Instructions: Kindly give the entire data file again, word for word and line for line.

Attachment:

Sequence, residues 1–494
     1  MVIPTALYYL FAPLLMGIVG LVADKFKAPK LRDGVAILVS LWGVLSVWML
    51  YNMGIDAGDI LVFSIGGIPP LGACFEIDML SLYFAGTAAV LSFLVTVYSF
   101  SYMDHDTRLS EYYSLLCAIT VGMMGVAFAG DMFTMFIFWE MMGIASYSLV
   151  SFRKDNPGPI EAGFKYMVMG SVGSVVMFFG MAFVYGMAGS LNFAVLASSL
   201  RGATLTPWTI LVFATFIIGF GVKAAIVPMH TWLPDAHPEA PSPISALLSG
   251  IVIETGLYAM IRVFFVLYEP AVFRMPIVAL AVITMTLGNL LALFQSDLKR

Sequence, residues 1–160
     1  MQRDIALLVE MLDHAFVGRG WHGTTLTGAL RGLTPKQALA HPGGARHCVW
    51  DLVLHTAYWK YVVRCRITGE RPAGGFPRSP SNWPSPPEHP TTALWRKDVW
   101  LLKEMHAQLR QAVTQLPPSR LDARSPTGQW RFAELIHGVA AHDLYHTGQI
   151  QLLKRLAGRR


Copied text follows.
Sequence, residues 1–494
     1  MVIPTALYYL FAPLLMGIVG LVADKFKAPK LRDGVAILVS LWGVLSVWML
    51  YNMGIDAGDI LVFSIGGIPP LGACFEIDML SLYFAGTAAV LSFLVTVYSF
   101  SYMDHDTRLS EYYSLLCAIT VGMMGVAFAG DMFTMFIFWE MMGIASYSLV
   151  SFRKDNPGPI EAGFKYMVMG SVGSVVMFFG MAFVYGMAGS LNFAVLASSL
   201  RGATLTPWTI LVFATFIIGF GVKAAIVPMH TWLPDAHPEA PSPISALLSG
   251  IVIETGLYAM IRVFFVLYEP AVFRMPIVAL AVITMTLGNL LALFQSDLKR

Sequence, residues 1–160
     1  MQRDIALLVE MLDHAFVGRG WHGTTLTGAL RGLTPKQALA HPGGARHCVW
    51  DLVLHTAYWK YVVRCRITGE RPAGGFPRSP SNWPSPPEHP TTALWRKDVW
   101  LLKEMHAQLR QAVTQLPPSR LDARSPTGQW RFAELIHGVA AHDLYHTGQI
   151  QLLKRLAGRR